Italy formed the alliance with France, Germany and the Netherlands earlier this month in order to negotiate jointly with drug developers and push to have a potential vaccine manufactured within Europe, with the goal of making it “accessible, available and affordable” everywhere in the EU.

Who would get vaccinated first?

Once a vaccine becomes available in Italy priority will be given to high-risk groups, according to Walter Ricciardi, a top scientific adviser to Italy's minister of health.

The first people to be offered the shot will include health workers, elderly people and people with conditions that make them particularly vulnerable, followed by the military and the police, Ricciardi told Repubblica.

Vaccination will gradually be extended to the rest of Italy, he said, with health services, GPs and vaccination centres mobilised to “cover the population as quickly as possible”.

How much will it cost?

Getting vaccinated against Covid-19 will be free in Italy, according to health minister Speranza, who confirmed to Corriere della Sera that the government would pay for the vaccine.

“The vaccine is the only definitive solution to Covid-19. As far as I'm concerned it will always be a global public asset, a right for everyone, not the privilege of a few,” he said in a statement.

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Italian monkeypox cases rise to seven

Five infections have now been confirmed in Rome, as well as one in Tuscany and one in Lombardy, Italian health authorities said.

Italian monkeypox cases rise to seven

The total number Italian monkeypox cases rose to seven on Wednesday as a new case was reported by the Spallanzani hospital for infectious diseases in Rome.

Spallanzani is treating six cases: five found in Lazio and one in Tuscany, while the Sacco Hospital in Milan is treating one patient from the Lombardy region.

“There is no alarm, but the infection surveillance system is at a state of maximum attention,” Lazio’s regional health councillor Alessio D’Amato told the Ansa news agency.

Researchers at Spallanzani said the new cases are thought to be “part of a pan-European cluster” linked to cases in the Canary Islands, Ansa reported.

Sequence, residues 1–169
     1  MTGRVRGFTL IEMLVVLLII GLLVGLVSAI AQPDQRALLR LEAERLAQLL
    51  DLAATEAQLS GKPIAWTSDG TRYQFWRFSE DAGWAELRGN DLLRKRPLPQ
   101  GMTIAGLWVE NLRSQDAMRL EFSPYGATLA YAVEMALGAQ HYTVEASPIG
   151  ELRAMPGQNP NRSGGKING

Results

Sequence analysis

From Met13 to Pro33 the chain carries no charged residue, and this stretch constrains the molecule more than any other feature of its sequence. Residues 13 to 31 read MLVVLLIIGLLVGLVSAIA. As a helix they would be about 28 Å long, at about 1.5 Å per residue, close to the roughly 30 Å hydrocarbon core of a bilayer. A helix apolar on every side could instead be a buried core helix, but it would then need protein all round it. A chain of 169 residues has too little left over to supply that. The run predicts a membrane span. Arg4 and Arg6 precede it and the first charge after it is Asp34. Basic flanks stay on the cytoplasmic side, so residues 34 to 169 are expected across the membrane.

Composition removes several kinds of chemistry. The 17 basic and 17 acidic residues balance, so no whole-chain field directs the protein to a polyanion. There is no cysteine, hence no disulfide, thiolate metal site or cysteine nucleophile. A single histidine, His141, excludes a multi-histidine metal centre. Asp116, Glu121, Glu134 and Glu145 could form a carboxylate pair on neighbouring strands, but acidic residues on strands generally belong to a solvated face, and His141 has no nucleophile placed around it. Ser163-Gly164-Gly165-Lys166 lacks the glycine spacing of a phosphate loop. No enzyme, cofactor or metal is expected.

The first Italian case of monkey smallpox, or monkeypox, was also found in a man who had recently returned from the Canary Islands, doctors said last Thursday.

More than 250 monkeypox cases have now been reported in at least 16 countries where the virus isn’t endemic, almost all in Europe, according to the World Health Organization.

They are mostly in Spain, the UK and Portugal, with single-digit cases in Austria, Belgium, France, Germany, Denmark, the Netherlands, Sweden, and Switzerland, as well as Italy.

READ ALSO: What is Spain doing to deal with rising monkeypox cases?

The illness has infected thousands of people in parts of Central and Western Africa in recent years, but is rare in Europe and North Africa.

Monkeypox is known to spread via close contact with an animal or human with the virus. It can be transmitted via bodily fluids, lesions, respiratory droplets or through contaminated materials, such as bedding.

Its symptoms are similar but somewhat milder than those of smallpox: fever, headache, muscle aches, back pain, chills, exhaustion, although it also causes the lymph nodes to swell up.

Within one to three days, the patient develops a rash, often beginning on the face then spreading to other parts of the body. 

Although most monkeypox cases aren’t serious, studies have shown that one in ten people who contract the disease in Africa die from it.

The unprecedented outbreak of the monkeypox virus has put the international community on alert.

On Monday, the European Union urged member states to take steps to ensure positive cases, close contacts, and even pets be quarantined as this is a zoonotic virus (a virus that spreads from animals to humans).